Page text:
In the third, Shockley blasted his first major-league homer, into the Sun Deck13  in right field to trim the deficit to 6-2. Green fared no better on the hill than Culp: Pavletich doubled, moved to third on an infield hit by Leo Cardenas, and rumbled home on a squeeze bunt by Tsitouris.14  Cardenas scored to make it 8-2 after Rose singled to center; the apparent rout was tempered when Callison gunned Rose down at third after fielding Marty Keough’s safety.

Scoreboard reckonings took a break through the top of the fifth until Cincinnati broke out the lumber again during the bottom half. A one-out walk was followed by singles by Steve Boros and Tsitouris to load the bases. Rose, first-pitch swinging, belted Green’s curveball15  into the Sun Deck for his third home run and first career grand slam for a 12-2 cushion. In the sixth, Dalrymple tagged Tsitouris for another clout that peppered the Sun Deck occupants with his third home run to make it 12-3. Pavletich answered that knock, and solidified the afternoon shellacking, by blasting a two-run drive over the center-field wall after Gordy Coleman was hit by a pitch.16  It was Pavletich’s first round-tripper of the season and upped the blowout to 14-3.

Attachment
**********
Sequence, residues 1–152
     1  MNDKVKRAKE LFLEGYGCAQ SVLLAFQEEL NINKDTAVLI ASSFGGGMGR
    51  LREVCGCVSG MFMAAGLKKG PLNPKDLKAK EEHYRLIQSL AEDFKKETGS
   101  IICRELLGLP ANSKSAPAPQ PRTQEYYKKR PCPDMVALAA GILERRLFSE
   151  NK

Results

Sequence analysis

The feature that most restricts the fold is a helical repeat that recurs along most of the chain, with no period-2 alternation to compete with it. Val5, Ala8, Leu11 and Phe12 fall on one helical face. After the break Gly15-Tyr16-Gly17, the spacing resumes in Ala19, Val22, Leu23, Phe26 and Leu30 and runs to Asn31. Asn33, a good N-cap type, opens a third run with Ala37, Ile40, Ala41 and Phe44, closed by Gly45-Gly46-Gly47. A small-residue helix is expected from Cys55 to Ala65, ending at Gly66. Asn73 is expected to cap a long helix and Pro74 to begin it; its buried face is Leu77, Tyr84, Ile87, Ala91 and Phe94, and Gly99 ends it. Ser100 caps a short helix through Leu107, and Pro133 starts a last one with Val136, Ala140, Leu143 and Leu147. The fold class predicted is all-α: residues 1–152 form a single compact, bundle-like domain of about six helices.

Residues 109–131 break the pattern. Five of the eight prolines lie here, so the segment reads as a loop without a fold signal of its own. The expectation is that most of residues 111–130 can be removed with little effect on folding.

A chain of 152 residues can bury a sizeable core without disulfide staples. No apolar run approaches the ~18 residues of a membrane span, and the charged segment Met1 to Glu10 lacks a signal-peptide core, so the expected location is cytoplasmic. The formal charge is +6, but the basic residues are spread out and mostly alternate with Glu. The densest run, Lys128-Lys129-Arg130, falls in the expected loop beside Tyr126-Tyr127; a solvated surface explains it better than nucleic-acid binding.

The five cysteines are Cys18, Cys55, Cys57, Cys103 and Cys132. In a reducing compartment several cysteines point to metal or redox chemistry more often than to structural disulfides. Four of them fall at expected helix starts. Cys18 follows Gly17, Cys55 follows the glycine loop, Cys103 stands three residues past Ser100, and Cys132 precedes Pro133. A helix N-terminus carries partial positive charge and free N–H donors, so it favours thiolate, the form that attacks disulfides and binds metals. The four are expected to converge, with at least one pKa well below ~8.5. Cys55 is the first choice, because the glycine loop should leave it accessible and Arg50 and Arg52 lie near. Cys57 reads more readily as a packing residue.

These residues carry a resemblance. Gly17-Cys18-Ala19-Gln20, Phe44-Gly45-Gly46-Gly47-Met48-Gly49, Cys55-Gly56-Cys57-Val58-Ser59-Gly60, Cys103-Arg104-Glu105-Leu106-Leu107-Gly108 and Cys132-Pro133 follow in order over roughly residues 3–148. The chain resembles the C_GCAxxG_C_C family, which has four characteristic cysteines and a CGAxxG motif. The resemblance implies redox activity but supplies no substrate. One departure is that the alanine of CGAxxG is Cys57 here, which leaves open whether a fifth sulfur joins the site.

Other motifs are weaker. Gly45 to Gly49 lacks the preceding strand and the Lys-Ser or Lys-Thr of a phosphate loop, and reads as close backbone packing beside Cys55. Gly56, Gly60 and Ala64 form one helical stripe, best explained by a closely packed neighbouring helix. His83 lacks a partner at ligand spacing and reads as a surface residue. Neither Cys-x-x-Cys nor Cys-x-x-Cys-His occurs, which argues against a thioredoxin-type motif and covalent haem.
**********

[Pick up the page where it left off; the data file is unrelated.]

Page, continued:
Tsitouris was nicked for a meaningless run in the ninth and the 14-4 drubbing of the Phillies ended in 2 hours and 20 minutes as the Reds improved to 49-40, 3½ games back. The line score for Cincinnati read 14 runs, 17 hits, and no errors while Philadelphia’s was 4 runs, 9 hits, and 2 errors. Rose stretched a new hitting streak to 11 games, enjoyed a perfect 4-for-4 day with a career-high six RBIs, and raised his batting mark to .274. The Phillies were relieved that Covington’s x-rays were negative, and he would be available for the next day’s doubleheader.17

Two new features at Crosley Field had quite the workout during and after the contest. Susanne Slenk, Linda Mussino, and Sharon Ross made their debut as cheerleaders for Cincinnati and were due to appear at frequent intervals during the season.18  Also, a locomotive bell was donated by the Baltimore & Ohio Railroad was installed next to the visiting dugout. The noisemaker would sound out after each victory with the number of runs scored by the Reds.19